Life moments typically associated with relaxation – such as holidays, sporting events or even the weekend – often coincide with an increase in drunken-driving accidents.
“Chances are if it’s not you, it’s going to be someone you love. If not today, then tomorrow,” said Andrea Frazier, a program manager for Mothers Against Drunk Driving.
Although these occasions can bring about a rise in Lincoln DUI citations, drunken driving remains an issue every day.
According to 2020 data from the National Highway Traffic Safety Administration, 28 people die daily in the United States due to alcohol-related crashes, amounting to approximately one person every 52 minutes.
There were 76 fatal alcohol-related crashes in Nebraska during 2020, according to data from the Nebraska Department of Transportation, representing over a third of the state’s total crash fatalities.
“We aren’t an organization saying you shouldn’t drink,” said Brianna Georgeson, director of marketing and development at the Bridge Detox Facility, a Lincoln-based drug and alcohol rehabilitation center. “There is a way to safe consumption and there are safe ways to get yourself home.”
Local organizations such as the Bridge and the Lincoln Police Department participate in campaigns and organize events to promote responsible drinking and reduce the number of drivers on the road under the influence.
“We are currently working on what we call ‘Tailgate Safe,’ as we are in the midst of football season,” Georgeson said.
The Bridge uses this educational event to talk about everything from measuring and limiting the amount of alcohol a person has in a day to getting a safe ride home after the event.
According to Georgeson, the organization plans to hold a public, alcohol-free tailgate open to the recovery community. The event will take place on Nov. 20 and will include everything a traditional tailgate would – burgers, soda, water, games – minus the alcohol.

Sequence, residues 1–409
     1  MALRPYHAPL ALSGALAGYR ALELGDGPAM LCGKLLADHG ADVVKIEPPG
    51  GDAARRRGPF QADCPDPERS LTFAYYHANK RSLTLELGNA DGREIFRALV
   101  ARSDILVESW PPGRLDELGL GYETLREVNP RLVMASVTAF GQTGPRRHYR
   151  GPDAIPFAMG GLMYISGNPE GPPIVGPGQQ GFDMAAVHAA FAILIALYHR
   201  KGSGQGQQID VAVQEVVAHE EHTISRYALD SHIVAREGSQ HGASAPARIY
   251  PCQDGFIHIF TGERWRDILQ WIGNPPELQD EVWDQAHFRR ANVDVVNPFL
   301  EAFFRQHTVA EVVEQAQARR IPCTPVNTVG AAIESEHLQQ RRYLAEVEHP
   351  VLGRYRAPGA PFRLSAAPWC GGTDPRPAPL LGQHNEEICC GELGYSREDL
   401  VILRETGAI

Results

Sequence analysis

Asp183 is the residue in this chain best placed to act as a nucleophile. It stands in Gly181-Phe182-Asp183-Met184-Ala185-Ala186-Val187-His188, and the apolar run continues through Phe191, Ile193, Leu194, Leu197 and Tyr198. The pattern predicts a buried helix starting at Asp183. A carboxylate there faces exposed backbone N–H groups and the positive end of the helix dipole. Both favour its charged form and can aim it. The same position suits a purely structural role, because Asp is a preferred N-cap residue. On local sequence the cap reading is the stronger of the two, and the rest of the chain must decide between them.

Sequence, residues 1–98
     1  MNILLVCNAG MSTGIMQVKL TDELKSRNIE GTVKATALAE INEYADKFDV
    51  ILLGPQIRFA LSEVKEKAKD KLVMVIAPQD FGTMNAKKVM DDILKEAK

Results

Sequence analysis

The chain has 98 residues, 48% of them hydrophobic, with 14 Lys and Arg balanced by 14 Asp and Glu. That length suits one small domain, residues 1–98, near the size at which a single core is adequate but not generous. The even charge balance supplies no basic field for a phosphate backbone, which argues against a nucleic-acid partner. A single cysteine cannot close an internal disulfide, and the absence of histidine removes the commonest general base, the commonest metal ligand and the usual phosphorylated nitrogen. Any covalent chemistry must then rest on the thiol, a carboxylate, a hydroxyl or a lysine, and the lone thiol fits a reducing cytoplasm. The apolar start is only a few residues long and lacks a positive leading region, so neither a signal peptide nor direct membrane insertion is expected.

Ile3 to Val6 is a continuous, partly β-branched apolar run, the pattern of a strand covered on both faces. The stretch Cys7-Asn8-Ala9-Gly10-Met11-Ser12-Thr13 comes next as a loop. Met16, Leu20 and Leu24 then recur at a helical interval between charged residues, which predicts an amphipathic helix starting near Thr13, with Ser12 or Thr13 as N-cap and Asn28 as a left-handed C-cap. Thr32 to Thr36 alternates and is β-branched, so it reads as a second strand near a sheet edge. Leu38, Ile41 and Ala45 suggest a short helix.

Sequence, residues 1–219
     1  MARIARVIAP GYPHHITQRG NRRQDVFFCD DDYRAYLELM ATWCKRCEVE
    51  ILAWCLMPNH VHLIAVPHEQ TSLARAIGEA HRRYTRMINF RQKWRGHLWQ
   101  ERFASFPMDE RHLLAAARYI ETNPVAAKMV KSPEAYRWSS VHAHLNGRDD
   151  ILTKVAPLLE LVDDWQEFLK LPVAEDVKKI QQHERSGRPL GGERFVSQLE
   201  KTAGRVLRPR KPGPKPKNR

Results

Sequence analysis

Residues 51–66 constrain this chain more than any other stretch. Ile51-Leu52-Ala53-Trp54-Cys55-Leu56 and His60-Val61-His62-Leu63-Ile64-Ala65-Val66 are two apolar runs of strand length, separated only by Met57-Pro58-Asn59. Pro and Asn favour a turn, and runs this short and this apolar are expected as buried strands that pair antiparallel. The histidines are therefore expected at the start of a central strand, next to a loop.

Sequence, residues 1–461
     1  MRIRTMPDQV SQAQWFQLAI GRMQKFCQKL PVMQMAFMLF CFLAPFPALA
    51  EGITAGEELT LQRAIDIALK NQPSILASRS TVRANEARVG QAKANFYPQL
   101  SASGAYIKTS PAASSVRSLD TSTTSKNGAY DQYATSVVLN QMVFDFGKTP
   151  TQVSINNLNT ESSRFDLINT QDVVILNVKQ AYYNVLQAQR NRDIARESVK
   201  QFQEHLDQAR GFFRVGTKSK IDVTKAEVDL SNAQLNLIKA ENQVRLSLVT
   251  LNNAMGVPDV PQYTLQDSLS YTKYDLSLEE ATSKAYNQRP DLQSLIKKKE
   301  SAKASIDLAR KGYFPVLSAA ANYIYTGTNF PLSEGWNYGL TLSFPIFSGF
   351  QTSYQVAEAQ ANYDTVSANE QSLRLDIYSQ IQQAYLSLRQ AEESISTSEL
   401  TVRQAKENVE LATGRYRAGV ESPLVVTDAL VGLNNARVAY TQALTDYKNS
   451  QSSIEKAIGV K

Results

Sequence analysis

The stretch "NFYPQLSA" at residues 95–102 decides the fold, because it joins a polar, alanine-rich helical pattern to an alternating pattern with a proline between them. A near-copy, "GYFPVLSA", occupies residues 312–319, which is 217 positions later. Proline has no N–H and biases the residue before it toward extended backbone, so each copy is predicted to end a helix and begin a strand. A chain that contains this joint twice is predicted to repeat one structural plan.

“The whole point is to show those, especially in the recovery community, that they can tailgate safely and still enjoy themselves,” Georgeson said. “They can still watch the game and all of that, but alcohol doesn’t have to play a factor.”
However, the promotion of safe consumption and planned rides home is not a special-event-exclusive for the Bridge. According to LPD’s Public Information Officer Erin Spilker, the organization often interacts with the LPD under the Civil Protective Custody program.
The CPC allows individuals under the age of 14 to be admitted into the Bridge’s facilities under medical supervision when drug or alcohol use causes them to pose a danger to themselves or others, Georgeson said.
According to Spilker, when an individual comes in for a DUI and they don’t have a criminal violation, the LPD may turn them over to the Bridge as a safe place to stay until a responsible party can pick them up or they are sober enough to leave safely on their own.
The LPD also participates in the national DOT Driver Sober or Get Pulled Over program throughout the year. These are high-visibility traffic enforcement campaigns aimed at deterring impaired driving and occur during the holiday seasons and weekends, Spilker said.
“Holiday weekends represent some of the deadliest times of the year on America’s roadways for impaired driving,” Spilker said. During these times, the LPD deploys additional traffic patrol officers who are trained to recognize and act on behaviors traditionally tied to drunken driving.
According to Spilker, the most recent Driver Sober or Get Pulled Over campaign occurred from Aug. 20 to Sept. 6 this year, although another may take place during the Christmas or New Year’s season as the NHTSA has done previously.
“The officers in this campaign are specifically dedicated to traffic,” Spilker said. “While other officers may be pulled away on other service calls, the focus of these officers is solely on traffic and identifying potential DUIs and other safety violations.
According to LPD Traffic Enforcement Sergeant Michael Muff, the campaign had a combined total of 266 citations, warnings and arrests with 18 DUI-specific arrests. Although Lincoln sees a spike in the number of drunken drivers being issued DUIs during this campaign, the results aren’t negative to Spilker.
“If we have 18 DUIs, that could be 18 prevented accidents or 18 potentially fatal crashes,” Spilker said. “Our goal is to get those people off the street before they get themselves into a situation that could go much worse for everyone.”
According to Spilker, the LPD and other police departments across the country continue to see thousands of arrests for driving under the influence but know there are more incidents they aren’t aware of.
“Driving after drinking is a choice. Choose to do the right thing and the safe thing,” Spilker said. “Because if you drink and drive, you lose.”